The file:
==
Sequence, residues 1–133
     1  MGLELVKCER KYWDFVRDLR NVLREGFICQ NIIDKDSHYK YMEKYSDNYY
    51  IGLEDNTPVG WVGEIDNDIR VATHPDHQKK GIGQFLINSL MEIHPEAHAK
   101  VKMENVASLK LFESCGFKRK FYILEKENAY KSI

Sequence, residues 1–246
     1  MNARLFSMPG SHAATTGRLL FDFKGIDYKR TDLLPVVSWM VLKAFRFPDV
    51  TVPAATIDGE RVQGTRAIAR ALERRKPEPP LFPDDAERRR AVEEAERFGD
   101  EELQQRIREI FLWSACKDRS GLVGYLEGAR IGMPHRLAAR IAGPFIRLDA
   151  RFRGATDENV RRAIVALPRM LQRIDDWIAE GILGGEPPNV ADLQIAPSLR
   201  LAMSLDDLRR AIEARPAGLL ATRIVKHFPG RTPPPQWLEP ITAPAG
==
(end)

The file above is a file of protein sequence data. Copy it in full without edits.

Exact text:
Sequence, residues 1–133
     1  MGLELVKCER KYWDFVRDLR NVLREGFICQ NIIDKDSHYK YMEKYSDNYY
    51  IGLEDNTPVG WVGEIDNDIR VATHPDHQKK GIGQFLINSL MEIHPEAHAK
   101  VKMENVASLK LFESCGFKRK FYILEKENAY KSI

Sequence, residues 1–246
     1  MNARLFSMPG SHAATTGRLL FDFKGIDYKR TDLLPVVSWM VLKAFRFPDV
    51  TVPAATIDGE RVQGTRAIAR ALERRKPEPP LFPDDAERRR AVEEAERFGD
   101  EELQQRIREI FLWSACKDRS GLVGYLEGAR IGMPHRLAAR IAGPFIRLDA
   151  RFRGATDENV RRAIVALPRM LQRIDDWIAE GILGGEPPNV ADLQIAPSLR
   201  LAMSLDDLRR AIEARPAGLL ATRIVKHFPG RTPPPQWLEP ITAPAG